|Ethiopia Table of Contents
The constitution's most detailed sections related to the central government's organization and activities. In these sections, the document described the various state organs and explained their relationship to one another.
The supreme organ of state power was the National Shengo (National Assembly). Its responsibilities included amending the constitution; determining foreign, defense, and security policy; establishing the boundaries, status, and accountability of administrative regions; and approving economic plans. The National Shengo was also responsible for establishing the Council of State; the Council of Ministers, ministries, state committees, commissions, and state authorities; the Supreme Court; the Office of the Prosecutor General; the National Workers' Control Committee; and the Office of the Auditor General. In addition, the National Shengo elected the president and officials of the Council of State and approved the appointment of other high-ranking authorities.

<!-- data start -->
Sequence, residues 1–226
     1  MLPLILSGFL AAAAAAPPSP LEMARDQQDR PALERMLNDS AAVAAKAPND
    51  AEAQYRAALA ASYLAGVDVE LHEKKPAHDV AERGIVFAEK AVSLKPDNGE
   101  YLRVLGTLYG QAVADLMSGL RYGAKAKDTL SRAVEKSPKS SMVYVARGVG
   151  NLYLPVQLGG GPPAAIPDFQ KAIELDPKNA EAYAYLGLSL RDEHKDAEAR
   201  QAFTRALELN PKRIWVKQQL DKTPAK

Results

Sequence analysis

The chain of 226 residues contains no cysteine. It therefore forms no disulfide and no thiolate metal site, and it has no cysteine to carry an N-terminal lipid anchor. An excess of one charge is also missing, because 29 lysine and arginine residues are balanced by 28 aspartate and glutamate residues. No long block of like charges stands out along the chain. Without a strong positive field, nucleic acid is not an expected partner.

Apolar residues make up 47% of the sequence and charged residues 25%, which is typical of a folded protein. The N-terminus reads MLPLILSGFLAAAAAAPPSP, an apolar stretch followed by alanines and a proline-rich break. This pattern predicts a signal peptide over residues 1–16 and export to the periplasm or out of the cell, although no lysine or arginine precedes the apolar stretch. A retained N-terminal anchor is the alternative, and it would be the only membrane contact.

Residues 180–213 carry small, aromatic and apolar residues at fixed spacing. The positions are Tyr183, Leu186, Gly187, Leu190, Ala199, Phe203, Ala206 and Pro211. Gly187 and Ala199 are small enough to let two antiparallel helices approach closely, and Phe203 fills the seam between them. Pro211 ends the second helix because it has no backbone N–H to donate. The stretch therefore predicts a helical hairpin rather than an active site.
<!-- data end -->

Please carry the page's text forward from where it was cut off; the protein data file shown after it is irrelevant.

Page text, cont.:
Candidates to the National Shengo had to be nominated by regional branches of the WPE, mass organizations, military units, and other associations recognized by law. Balloting for seats in the National Shengo was required to be secret, and all individuals eighteen years of age and above were eligible to vote. Elected members served five-year terms, and the body met in regular session once each year. These sessions were usually public but might on occasion be held in camera. In 1987 the National Shengo had 835 members.
Source: U.S. Library of Congress